Just yesterday, the bodyguard under investigation became a non-bodyguard...according to David Cochrane...again...from a "source"...again... a selective leak to calm the hordes...again. The premier, the man whose office sent the now ex-bodyguard (apparently) to see Don Dunphy has announced he will make a decision on a judicial inquiry after the RCMP investigation. The man whose office is responsible for the events that led up to Don Dunphy's death is going to decide if Don's death warrants a judicial inquiry - after the RCMP, who were somewhat involved in the Dunphy shooting, finish the investigation of his death. Not to mention that both police forces serve as the premier's bodyguard. Yes, the same bodyguard whose member killed Don Dunphy. It's all good though, because the RCMP, who were involved somewhat in the shooting, have appointed a retired judge to watch over them. And so it goes, you can't make this shit up.
Where's the media on all of this? Now the tweet is no longer described as the "threat", but rather the "perceived threat". Even though anyone with less than high school English can clearly see the tweets had nothing to do with the premier, but referred to two already dead politicians. Facts be damned, we'll call it a perceived threat because the RCMP and the premier's office are apparently illiterate. On the rifle bit, yes, that's still out there as a fact, even though it has yet to be confirmed by forensics or anything else - other than by the shooter. The investigation? Nothing to see here folks. Not a single word or criticism that the RCMP were investigating a police killing that they were involved in. Nope. Not happening. All the rest is covered by:"we have to wait for the results of the investigation". Convenient when so many troubling questions already are quite factually evident.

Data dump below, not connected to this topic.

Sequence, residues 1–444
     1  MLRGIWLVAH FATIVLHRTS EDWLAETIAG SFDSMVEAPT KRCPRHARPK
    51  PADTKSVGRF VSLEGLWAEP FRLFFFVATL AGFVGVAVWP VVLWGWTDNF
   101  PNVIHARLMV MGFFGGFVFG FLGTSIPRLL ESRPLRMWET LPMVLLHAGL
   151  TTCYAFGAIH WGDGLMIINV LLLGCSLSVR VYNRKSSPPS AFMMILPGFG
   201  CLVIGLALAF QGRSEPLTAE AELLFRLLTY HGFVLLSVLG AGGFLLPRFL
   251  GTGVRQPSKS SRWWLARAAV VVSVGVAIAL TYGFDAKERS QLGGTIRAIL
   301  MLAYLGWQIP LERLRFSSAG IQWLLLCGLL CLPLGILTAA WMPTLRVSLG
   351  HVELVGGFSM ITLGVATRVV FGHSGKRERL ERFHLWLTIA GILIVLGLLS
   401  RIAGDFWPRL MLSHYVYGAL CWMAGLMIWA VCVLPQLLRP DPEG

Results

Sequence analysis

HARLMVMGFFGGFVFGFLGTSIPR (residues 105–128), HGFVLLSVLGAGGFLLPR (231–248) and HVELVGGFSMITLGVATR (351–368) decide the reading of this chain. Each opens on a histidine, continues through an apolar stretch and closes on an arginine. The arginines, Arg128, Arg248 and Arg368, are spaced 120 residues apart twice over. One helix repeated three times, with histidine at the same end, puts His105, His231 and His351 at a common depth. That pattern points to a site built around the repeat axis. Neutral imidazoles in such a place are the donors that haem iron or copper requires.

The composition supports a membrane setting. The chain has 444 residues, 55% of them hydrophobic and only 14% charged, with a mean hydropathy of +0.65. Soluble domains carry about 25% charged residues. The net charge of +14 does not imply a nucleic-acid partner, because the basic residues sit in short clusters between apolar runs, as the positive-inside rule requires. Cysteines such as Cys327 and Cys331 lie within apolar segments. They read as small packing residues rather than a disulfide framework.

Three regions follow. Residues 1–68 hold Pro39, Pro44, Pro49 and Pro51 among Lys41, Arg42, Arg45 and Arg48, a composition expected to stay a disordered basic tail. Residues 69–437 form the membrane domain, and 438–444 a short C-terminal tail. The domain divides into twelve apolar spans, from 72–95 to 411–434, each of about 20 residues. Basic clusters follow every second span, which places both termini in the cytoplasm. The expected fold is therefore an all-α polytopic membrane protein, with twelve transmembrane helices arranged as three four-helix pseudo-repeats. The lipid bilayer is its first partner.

However, it's becoming more and more obvious that in this province the media is not concerned by facts. It's concerned about keeping it's position as the filter of truth that feeds the public as it sees it, and when it feels like it. Despite being some of the most active on twitter, reporters and broadcasters here decry the "irresponsible" and "nut-bar" approach of social media. It's as if the media senses, in the free exchange of information and ideas on social media, it's own demise. And in that assumption there is truth. The media is quickly becoming the dinosaur of the information age. As the world becomes more plugged in, and the populations better educated, the media looks more and more like a vintage of yesteryear. Tired, worn out, and out of ideas. More concerned about keeping those subscription numbers and reporters salaries than asking the tough, but quite obvious questions. Instead, the Don Dunphy killing is just the latest example of the media shooting the messenger. Shooting the social media. The very people who they hope to influence with their "news".
Here's to the crazy ones, the misfits, the rebels, the troublemakers, the
round pegs in the square holes... the ones who see things differently -- they're
not fond of rules... You can quote them, disagree with them, glorify or vilify
them, but the only thing you can't do is ignore them because they change
things... they push the human race forward, and while some may see them as the
crazy ones, we see genius, because the ones who are crazy enough to think that
they can change the world, are the ones who do.
US computer engineer & industrialist (1955 - 2011)